The new ceramic works, like the majority of the artist’s projects, are guided by an enduring interest in philosophical conundrums; an interest, it is important to note, which goes beyond what may be de rigueur in postmodern art theory and one which gives Hamlyn’s body of work to date its positivist and engaging character. A philosophical influence over the years has undoubtedly been Ludwig Wittgenstein, and a number of Hamlyn’s creative projects seem to realise aspects of Wittgenstein’s language games.
None so clearly as the final ceramic work in this new collection, To Witt, 2005. Here Hamlyn indulges in a light-hearted act of punning at the same time as offering an incisive visualisation of Wittgenstein’s philosophical questioning of the nature and location of truth. Four plates of varying diameters are combined to produce a centripetal final plate, which, like Quarter Plate II, flirts with fracture in the compilation of a readable version of the Willow Story.
With this work, supported by Sandblasted in particular, Hamlyn invokes a Wittgensteinean premise that the origins of truths are not to be found by some mysterious inner process. Rather, a reductive or concise sense of origin might only be found through an additive process, one which takes place, importantly, in a public realm. The material ceramic truth, as it were, of To Witt is a product of layering, not of paring away, and thus it models that strand of Wittgenstein’s thinking which recognised the centrality of being in the world, the finding of sense and significance in relation to others, not by, to use the archaeology analogy once more, some sort of excavation of the self. Hamlyn’s ceramics, being a material whole of cumulated parts, readily recommend, then, following Wittgenstein, that we might better think less about where in a narrative the stable truth is embedded, and more about how truths are collectively agreed in an additive and interpersonal way.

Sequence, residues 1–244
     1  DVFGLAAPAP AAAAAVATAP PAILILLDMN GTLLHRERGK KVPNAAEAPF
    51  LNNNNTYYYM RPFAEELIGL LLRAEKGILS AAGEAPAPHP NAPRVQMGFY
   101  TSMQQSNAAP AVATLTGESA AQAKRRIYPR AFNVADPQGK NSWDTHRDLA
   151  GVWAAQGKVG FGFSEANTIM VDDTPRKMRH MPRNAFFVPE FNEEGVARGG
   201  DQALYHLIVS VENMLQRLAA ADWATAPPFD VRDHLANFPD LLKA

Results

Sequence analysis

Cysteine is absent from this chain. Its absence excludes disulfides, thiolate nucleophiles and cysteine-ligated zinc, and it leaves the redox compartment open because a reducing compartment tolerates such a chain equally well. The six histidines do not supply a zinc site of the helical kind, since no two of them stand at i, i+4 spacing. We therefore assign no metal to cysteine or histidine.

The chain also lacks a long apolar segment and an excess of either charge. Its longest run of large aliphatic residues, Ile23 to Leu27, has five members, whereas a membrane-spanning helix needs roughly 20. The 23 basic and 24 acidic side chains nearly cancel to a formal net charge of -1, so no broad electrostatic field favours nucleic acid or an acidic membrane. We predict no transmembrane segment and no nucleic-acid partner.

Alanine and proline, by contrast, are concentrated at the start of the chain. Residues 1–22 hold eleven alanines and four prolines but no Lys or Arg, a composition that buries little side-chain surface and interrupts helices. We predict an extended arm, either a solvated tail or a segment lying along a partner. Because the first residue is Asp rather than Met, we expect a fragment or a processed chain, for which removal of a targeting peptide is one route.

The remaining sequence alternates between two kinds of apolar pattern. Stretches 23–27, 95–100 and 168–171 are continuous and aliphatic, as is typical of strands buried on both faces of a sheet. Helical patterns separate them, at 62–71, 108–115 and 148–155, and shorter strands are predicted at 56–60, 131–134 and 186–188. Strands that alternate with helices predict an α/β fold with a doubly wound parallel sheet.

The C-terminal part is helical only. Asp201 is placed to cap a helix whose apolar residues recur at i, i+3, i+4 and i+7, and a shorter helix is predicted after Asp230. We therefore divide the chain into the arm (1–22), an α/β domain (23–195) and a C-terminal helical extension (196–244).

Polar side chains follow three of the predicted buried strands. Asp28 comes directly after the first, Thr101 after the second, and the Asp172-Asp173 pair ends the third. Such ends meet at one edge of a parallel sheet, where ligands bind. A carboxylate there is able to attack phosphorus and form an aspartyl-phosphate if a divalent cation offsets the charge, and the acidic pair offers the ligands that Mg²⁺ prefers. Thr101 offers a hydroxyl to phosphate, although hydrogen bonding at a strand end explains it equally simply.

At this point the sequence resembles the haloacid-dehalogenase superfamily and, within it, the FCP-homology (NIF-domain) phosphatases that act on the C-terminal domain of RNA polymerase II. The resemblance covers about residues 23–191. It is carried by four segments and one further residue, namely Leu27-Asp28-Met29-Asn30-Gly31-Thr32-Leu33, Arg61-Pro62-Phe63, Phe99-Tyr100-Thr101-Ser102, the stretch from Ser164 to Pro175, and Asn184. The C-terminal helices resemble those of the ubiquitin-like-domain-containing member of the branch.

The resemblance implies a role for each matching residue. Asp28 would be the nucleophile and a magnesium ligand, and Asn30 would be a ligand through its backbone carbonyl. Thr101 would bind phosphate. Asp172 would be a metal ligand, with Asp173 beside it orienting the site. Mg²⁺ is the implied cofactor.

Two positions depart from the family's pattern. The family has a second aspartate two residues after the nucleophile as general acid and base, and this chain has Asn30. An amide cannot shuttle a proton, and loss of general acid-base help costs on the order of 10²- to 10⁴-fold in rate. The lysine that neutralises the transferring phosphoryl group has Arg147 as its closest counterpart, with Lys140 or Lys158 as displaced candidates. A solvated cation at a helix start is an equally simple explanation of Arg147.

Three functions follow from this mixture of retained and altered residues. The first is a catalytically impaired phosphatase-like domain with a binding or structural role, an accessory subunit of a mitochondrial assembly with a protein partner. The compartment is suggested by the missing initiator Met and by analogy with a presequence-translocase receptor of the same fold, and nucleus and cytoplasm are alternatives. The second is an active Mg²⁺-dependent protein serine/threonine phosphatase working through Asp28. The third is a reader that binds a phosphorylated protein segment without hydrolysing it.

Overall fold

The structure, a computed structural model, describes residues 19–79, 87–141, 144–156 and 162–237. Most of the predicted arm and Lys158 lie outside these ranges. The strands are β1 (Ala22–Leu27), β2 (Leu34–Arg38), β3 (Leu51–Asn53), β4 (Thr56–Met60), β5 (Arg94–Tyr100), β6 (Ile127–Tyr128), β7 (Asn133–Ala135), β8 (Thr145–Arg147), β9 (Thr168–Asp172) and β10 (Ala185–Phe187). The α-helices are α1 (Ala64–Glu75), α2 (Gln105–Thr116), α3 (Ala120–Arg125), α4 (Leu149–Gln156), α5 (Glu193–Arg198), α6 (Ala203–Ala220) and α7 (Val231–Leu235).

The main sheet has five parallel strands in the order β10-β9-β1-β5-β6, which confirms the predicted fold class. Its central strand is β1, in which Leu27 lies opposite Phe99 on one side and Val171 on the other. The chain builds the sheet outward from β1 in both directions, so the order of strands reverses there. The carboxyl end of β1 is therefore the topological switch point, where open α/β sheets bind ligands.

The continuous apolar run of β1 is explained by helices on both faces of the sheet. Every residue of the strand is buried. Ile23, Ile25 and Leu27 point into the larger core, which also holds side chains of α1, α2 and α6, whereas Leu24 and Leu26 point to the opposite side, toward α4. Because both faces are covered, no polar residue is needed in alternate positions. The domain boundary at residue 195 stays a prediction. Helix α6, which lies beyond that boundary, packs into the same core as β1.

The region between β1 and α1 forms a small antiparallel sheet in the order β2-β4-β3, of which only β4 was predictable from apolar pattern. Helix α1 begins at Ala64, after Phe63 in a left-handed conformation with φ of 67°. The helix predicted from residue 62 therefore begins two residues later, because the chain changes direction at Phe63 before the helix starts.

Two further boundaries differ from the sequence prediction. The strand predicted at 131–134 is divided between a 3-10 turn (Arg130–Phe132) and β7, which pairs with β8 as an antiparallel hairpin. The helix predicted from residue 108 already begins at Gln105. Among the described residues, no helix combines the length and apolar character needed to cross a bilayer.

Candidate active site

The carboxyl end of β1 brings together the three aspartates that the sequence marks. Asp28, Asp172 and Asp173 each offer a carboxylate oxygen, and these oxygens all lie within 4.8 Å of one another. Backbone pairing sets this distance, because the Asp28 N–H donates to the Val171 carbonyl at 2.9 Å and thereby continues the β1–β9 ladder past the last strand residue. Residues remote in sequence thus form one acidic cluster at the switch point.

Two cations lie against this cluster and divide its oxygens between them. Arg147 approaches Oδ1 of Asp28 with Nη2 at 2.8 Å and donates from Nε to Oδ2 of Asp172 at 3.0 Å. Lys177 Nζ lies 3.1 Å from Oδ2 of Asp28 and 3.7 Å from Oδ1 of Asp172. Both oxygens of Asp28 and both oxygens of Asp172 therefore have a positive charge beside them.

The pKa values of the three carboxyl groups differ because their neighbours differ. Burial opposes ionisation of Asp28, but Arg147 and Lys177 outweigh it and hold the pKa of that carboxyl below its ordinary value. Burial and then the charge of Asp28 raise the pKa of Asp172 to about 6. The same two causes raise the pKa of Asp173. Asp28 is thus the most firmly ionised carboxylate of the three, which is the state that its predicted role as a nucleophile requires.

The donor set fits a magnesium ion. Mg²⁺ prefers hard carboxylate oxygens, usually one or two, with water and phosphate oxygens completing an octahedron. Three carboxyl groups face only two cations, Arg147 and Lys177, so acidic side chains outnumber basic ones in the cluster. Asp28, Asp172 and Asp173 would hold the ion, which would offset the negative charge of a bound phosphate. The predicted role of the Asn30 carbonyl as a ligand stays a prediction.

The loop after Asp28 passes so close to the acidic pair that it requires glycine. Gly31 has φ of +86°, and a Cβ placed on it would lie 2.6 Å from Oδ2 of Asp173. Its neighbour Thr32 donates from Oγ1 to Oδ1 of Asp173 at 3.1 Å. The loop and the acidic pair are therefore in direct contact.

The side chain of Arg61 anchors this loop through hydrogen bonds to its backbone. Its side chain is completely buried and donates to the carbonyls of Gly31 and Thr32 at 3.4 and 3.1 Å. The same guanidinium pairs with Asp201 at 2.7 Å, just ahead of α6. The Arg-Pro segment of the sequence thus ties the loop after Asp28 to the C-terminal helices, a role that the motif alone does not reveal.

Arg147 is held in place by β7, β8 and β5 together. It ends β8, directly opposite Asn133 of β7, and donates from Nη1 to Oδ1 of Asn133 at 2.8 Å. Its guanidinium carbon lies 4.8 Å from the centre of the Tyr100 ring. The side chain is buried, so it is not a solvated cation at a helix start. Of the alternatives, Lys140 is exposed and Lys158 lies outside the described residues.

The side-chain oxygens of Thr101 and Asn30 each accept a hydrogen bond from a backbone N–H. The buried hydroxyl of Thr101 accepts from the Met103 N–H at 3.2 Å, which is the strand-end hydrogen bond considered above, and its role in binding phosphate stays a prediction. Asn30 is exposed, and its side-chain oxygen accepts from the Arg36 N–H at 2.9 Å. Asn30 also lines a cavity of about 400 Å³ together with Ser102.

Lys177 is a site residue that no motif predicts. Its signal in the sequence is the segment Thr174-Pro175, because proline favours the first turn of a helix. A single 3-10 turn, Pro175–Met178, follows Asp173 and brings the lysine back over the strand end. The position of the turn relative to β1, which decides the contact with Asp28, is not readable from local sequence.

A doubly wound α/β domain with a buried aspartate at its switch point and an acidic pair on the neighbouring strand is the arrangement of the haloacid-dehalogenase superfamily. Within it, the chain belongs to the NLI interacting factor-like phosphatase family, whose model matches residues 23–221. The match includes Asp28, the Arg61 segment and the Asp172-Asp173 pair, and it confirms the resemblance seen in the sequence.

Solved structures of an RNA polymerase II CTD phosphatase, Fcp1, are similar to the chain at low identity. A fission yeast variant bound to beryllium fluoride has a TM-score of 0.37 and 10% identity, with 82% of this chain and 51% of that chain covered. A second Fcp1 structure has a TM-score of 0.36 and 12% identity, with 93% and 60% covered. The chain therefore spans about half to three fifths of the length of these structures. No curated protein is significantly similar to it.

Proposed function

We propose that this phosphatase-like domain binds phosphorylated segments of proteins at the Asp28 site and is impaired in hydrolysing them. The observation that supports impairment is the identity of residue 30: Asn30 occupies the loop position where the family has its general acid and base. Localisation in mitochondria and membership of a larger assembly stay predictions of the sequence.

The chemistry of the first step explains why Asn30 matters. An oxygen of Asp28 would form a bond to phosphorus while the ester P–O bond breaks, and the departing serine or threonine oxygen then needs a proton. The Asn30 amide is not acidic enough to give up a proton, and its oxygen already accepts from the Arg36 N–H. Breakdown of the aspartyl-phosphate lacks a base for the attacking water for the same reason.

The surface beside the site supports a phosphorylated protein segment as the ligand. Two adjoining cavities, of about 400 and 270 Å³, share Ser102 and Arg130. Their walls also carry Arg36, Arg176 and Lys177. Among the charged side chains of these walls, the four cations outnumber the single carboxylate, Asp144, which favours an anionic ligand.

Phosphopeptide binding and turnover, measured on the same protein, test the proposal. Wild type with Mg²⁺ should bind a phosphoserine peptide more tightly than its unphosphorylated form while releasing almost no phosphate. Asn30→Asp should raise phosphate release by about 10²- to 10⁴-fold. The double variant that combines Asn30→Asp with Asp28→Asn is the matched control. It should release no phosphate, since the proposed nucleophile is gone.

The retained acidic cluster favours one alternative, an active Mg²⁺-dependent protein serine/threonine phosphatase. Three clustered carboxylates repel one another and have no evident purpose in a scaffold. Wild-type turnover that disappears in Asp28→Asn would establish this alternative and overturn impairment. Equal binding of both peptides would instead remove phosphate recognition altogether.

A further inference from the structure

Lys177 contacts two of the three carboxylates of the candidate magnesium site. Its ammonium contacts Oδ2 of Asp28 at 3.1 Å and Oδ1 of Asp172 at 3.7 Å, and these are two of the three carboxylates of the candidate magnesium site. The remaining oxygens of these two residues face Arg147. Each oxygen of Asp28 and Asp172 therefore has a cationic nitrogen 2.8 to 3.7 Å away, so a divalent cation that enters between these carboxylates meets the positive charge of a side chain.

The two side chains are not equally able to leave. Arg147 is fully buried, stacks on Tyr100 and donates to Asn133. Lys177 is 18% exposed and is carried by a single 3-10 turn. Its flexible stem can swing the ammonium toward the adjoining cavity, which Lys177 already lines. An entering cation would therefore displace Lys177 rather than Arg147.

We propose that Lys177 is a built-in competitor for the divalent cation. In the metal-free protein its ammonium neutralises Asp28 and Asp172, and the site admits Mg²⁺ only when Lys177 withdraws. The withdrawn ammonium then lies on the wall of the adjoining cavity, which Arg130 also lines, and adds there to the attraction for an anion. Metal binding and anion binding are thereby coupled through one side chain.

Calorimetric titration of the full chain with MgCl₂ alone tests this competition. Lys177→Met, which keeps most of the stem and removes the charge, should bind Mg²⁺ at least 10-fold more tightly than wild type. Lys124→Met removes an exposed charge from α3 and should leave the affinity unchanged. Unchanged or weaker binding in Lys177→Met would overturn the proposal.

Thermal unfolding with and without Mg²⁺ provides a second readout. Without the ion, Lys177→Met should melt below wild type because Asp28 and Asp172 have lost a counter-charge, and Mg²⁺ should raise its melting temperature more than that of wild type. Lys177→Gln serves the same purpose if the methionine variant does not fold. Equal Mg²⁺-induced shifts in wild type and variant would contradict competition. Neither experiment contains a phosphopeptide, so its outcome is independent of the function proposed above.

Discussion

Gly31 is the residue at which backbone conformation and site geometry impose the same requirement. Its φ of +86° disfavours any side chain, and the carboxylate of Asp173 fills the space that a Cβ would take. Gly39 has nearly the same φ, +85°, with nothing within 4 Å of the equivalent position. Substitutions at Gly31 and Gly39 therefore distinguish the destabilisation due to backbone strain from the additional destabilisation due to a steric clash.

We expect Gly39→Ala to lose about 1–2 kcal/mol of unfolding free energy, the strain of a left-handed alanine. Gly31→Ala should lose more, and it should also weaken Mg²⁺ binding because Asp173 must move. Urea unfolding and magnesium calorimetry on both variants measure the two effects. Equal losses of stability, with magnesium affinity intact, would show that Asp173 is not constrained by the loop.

As Hamlyn eloquently implies across the gamut of his diverse practice, there is nothing quite as important as art in the cumulative social processes which add up to collective agreements. Art is in this way an arena for constructive storytelling rather than a showcase for predetermined truths. This conviction is one stable point which is consistently metaphoricised in these stimulating ceramics, and one which has provided an origin of a kind for Hamlyn’s incredibly varied and poetic outputs.